Which tasks can you delegate to your Virtual Assistant?

Some people have told me they have no idea what type of work they could give to a Virtual Assistant so hopefully, this post will help.

Technology continues to be a bugbear for many, even the younger generations. Not everyone has the aptitude, nor the interest, to have a deep understanding of the devices they operate; it’s a bit like a washing machine – there may be 10 programs but who uses more than 3?

A business needs a website these days, it’s not a nice-to-have. Potential customers will look for a website before they take another step. If they can’t find one, they’ll go elsewhere.  That’s fine if you have enough customers. WHO has enough customers?

Help with technology, website design and development and creation of content are tasks that can be delegated to a virtual assistant.

And if you’re still not sure you can always do a keyword search for Tasks for a Virtual Assistant to see what other people are looking for – try Jaaxy – it’s the easiest and best keyword search application

For General virtual assistants, the tasks are many and varied and can be delegated by anyone, regardless of the business they are in.

  • Email management – with a little training on your preferences, your VA will be able to filter your messages, respond to generic enquiries and mark as urgent those that need your attention now
  • Manage your diary and follow up with clients to send reminders and thank-you messages
  • Build and maintain your database
  • Research topics for blogposts and newsletters
  • Travel arrangements
  • Purchasing gifts online and other personal tasks
  • Preparing reports
  • Preparing PowerPoint presentations
  • Proofreading and copy editing
  • Send and follow up invoices
  • Keep your expense records
  • Social media management
  • Website management

What goes through your head when you hear your name?

What's your  name against a cloud backgroundI heard a story recently that resonated deeply with me. During school, a student was given a pop quiz. She was a pretty smart student and had got through the other questions quite easily until she read the last one: “What is the first name of the woman who cleans the school?” She imagined this to be some kind of joke. But when she thought about it, she realized she had seen the cleaning woman many times. She was short, dark-haired and in her 60’s, but how would she know her name? she didn’t. She handed in her paper, and just left the last question blank. Just before she left she asked the teacher if the last question would count towards their grade. “Absolutely,” said the professor. “No matter what career you choose in life, you will meet many people. All of them are important. They deserve your attention and care, even if just by a smile and greeting.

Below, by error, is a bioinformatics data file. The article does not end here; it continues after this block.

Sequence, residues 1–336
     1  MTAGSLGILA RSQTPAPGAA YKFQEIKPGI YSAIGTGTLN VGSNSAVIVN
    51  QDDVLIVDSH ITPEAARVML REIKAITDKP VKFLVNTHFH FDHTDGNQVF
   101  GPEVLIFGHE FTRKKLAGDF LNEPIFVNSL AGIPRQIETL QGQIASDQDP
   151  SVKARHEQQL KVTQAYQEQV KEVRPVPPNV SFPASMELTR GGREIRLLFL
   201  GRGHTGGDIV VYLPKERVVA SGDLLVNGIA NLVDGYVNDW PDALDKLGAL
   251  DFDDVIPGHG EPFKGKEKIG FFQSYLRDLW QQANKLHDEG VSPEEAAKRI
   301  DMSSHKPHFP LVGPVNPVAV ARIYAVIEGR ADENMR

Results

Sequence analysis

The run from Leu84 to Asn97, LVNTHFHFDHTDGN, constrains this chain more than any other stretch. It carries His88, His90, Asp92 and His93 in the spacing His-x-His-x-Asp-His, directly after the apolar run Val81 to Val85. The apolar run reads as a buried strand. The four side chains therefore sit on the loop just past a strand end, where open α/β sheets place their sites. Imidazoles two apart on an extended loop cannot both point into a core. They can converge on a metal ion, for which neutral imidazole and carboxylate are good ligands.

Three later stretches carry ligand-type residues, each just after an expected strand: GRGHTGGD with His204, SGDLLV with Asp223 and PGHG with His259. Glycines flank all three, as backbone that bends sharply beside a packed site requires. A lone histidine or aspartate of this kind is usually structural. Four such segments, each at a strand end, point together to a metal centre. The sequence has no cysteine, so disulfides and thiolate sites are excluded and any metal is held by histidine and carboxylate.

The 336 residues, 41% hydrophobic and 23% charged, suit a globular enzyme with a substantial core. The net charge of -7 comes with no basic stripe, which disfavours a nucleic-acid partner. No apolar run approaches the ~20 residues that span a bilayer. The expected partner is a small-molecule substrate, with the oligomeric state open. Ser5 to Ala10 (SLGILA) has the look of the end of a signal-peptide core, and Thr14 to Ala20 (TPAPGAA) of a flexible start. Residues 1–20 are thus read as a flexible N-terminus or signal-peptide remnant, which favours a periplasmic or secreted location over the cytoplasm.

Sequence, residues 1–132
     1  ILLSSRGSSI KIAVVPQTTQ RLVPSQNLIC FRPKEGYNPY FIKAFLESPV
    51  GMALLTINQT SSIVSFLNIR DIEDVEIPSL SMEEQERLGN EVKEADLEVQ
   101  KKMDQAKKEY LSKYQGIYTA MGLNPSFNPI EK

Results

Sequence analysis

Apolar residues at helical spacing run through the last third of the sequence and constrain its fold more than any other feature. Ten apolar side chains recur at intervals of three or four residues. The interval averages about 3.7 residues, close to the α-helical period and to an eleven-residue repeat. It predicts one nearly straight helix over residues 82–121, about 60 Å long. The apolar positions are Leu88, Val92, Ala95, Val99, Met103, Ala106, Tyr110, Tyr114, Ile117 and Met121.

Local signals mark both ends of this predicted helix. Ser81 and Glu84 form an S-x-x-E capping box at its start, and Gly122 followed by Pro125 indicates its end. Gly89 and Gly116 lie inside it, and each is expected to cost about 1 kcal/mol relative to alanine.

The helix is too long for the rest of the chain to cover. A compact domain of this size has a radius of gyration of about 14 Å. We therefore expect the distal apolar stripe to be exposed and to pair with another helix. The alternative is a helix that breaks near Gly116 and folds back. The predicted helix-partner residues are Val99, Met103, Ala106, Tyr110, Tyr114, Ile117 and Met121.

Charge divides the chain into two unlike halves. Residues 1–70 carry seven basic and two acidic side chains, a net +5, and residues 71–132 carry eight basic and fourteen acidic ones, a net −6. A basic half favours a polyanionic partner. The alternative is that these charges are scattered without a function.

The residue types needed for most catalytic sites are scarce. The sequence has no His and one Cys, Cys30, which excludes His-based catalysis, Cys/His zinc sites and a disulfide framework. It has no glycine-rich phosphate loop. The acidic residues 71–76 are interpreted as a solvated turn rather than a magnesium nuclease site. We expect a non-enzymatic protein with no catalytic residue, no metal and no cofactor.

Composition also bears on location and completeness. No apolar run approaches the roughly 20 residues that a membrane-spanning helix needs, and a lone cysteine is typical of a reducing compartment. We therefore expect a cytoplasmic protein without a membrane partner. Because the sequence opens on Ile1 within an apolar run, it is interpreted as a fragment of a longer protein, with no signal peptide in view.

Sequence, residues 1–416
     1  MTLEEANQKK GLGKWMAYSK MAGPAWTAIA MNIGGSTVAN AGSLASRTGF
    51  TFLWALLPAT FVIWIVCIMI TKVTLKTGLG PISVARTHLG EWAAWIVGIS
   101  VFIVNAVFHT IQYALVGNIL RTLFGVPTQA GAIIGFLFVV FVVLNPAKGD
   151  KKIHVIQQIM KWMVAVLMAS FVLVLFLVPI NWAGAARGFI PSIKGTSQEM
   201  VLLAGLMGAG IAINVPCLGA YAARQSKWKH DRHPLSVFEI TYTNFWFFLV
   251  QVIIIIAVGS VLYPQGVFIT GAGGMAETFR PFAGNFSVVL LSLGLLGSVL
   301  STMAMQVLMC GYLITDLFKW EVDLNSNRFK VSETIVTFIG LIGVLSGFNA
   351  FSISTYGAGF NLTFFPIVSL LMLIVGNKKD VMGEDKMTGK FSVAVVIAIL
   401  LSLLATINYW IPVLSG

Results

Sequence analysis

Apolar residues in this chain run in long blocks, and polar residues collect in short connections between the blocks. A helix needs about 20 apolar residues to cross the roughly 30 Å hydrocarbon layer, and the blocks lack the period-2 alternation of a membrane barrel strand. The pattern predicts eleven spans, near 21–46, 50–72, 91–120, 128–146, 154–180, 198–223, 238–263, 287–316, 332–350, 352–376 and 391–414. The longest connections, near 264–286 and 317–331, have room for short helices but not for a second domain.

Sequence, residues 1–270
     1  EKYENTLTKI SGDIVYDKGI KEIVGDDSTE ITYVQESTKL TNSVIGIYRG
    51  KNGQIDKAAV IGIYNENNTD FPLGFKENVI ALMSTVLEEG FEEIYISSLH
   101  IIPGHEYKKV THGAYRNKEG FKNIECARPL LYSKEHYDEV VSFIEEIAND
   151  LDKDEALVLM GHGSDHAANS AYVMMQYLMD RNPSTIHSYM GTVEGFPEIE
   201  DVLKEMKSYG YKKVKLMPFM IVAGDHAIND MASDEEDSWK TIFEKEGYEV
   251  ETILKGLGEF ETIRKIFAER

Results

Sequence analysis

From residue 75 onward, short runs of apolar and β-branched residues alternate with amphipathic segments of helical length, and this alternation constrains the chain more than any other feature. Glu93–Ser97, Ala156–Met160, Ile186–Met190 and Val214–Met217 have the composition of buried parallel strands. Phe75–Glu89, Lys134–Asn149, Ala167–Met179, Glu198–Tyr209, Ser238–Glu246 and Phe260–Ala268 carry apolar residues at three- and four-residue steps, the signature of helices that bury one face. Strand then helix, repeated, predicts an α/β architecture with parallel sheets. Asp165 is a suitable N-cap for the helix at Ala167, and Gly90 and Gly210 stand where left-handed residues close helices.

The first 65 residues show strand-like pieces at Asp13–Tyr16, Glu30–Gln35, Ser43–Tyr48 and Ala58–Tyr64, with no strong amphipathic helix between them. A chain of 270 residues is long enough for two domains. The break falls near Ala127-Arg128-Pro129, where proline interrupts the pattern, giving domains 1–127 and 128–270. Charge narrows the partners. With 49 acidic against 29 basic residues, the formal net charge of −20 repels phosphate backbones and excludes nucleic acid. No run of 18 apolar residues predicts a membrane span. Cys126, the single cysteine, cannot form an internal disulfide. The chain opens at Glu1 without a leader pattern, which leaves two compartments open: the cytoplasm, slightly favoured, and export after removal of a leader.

She’s never forgotten that lesson. She also learned the woman’s name was Clara.

 Online, it is not as easy to obtain first names as it is in person but at least we have a better way to store them when our memories fail.

The professor was right, in fact. As it turns out, our names are so important to us that hearing them lights up an entirely different part of our brain than any other words, scientists tell us.

Using your customer’s name makes them like you more, also using your own name makes the interaction feel more personal, too.

For example, who would you rather get an email from, “John” or “The Support Team”?

Personal names make a shopping experience much more enjoyable as does hanging out with people who know your name in real life, it just feels more respectful, more engaging and friendly.

Firstly, when sending emails, avoid the lazy trap of ‘Dear Customer’ …. Use their first name, which you will get from a very simple autoresponder set-up and a free copy of your (insert product).

If customers call you, try and use their name in the first sentence as an instant rapport builder. This is especially helpful in calming an irate customer quite quickly by seeming more authentic and familiar. For some of you, when booking a callback, arranging a meeting or getting people to leave their names and numbers, ensure you have their names written in your diary on that date and any other bits of information you can get in that first interaction. Then when you recall accurately the words of the last conversation you had with them or ask them a more familiar question using their name, you instantly make the customer feel like you know them and so they relax with you.

And the same advice on the ground, create stories or rhymes in your head associated with the person’s name you want to remember and genuinely try to use it when you bump into them. It’s a great way to build connections and friends on the ground that may one day be useful to your company or idea, on or offline.

People like their name being used, that’s evident, and it will be a testimony to you and your efforts if you remember that fact and get just better at being personal.

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